Keith Bradsher wrote in yesterday’s New York Times about what happens when we start using food for fuel:
In some poor countries, desperation is taking hold. Just in the last week, protests have erupted in Pakistan over wheat shortages, and in Indonesia over soybean shortages. Egypt has banned rice exports to keep food at home, and China has put price controls on cooking oil, grain, meat, milk and eggs.
According to the F.A.O., food riots have erupted in recent months in Guinea, Mauritania, Mexico, Morocco, Senegal, Uzbekistan and Yemen.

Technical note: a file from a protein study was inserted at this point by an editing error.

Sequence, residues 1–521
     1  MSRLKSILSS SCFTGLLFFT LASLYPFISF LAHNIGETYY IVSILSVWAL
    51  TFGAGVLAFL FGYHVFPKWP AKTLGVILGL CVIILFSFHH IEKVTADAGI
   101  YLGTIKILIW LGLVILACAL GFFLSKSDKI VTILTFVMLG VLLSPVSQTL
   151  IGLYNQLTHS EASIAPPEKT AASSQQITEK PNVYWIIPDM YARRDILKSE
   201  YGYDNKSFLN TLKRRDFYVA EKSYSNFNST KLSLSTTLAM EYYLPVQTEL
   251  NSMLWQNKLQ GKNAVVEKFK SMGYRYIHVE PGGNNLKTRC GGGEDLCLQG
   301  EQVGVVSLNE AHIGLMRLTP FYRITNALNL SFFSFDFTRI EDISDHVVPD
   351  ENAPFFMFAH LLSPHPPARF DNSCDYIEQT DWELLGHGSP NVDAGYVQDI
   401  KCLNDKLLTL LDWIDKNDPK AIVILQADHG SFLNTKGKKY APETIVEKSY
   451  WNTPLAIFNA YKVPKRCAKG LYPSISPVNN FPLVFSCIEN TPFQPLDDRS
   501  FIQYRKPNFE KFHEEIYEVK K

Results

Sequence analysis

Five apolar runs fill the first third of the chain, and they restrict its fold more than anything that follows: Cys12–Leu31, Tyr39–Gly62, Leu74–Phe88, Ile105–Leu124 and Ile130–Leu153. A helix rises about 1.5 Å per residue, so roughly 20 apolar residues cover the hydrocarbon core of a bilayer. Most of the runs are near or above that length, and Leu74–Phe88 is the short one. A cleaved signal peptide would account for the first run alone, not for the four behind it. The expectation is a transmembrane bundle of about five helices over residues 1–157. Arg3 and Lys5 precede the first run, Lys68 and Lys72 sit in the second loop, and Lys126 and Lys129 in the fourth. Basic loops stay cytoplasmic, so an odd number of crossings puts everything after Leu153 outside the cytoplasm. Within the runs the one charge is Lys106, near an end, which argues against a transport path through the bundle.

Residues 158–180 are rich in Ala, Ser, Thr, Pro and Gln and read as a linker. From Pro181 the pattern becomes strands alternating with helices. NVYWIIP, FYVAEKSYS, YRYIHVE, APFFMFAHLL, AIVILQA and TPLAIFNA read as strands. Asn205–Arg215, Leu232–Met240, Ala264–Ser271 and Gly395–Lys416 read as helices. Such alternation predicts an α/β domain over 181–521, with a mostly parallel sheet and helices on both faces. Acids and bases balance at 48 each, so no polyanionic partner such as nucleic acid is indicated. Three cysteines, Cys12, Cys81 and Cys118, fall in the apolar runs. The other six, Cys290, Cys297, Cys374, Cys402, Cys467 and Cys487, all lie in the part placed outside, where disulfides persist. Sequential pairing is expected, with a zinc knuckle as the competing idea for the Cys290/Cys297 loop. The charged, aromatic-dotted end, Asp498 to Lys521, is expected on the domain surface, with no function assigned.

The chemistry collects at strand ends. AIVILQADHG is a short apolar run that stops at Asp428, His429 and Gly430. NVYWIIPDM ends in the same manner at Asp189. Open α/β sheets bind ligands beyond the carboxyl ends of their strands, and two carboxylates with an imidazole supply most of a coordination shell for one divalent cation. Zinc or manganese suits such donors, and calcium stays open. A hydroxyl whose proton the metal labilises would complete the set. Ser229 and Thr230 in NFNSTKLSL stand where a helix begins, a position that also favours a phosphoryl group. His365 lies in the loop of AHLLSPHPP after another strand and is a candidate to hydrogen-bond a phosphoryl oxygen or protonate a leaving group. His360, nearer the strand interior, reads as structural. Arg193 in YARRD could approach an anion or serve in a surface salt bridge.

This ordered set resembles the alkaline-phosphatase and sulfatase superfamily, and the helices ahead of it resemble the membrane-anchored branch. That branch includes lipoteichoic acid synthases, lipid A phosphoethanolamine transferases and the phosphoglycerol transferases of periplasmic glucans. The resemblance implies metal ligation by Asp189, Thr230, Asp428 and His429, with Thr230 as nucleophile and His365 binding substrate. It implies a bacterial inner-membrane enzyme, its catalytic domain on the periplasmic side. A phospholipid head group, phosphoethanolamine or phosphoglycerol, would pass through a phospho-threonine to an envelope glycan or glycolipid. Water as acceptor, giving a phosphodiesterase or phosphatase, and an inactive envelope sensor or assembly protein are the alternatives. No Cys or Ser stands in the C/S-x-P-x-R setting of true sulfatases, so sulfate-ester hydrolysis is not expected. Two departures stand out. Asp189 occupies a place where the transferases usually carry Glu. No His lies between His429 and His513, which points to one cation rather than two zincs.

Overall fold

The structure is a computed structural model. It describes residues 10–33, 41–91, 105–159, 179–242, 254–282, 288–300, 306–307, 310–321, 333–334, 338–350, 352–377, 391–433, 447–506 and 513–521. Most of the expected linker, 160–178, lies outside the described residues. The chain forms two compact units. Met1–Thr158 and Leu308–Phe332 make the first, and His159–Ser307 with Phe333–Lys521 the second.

“The urban poor, the rural landless and small and marginal farmers stand to lose,” said He Changchui, the agency’s chief representative for Asia and the Pacific.
A startling change is unfolding in the world’s food markets. Soaring fuel prices have altered the equation for growing food and transporting it across the globe. Huge demand for biofuels has created tension between using land to produce fuel and using it for food.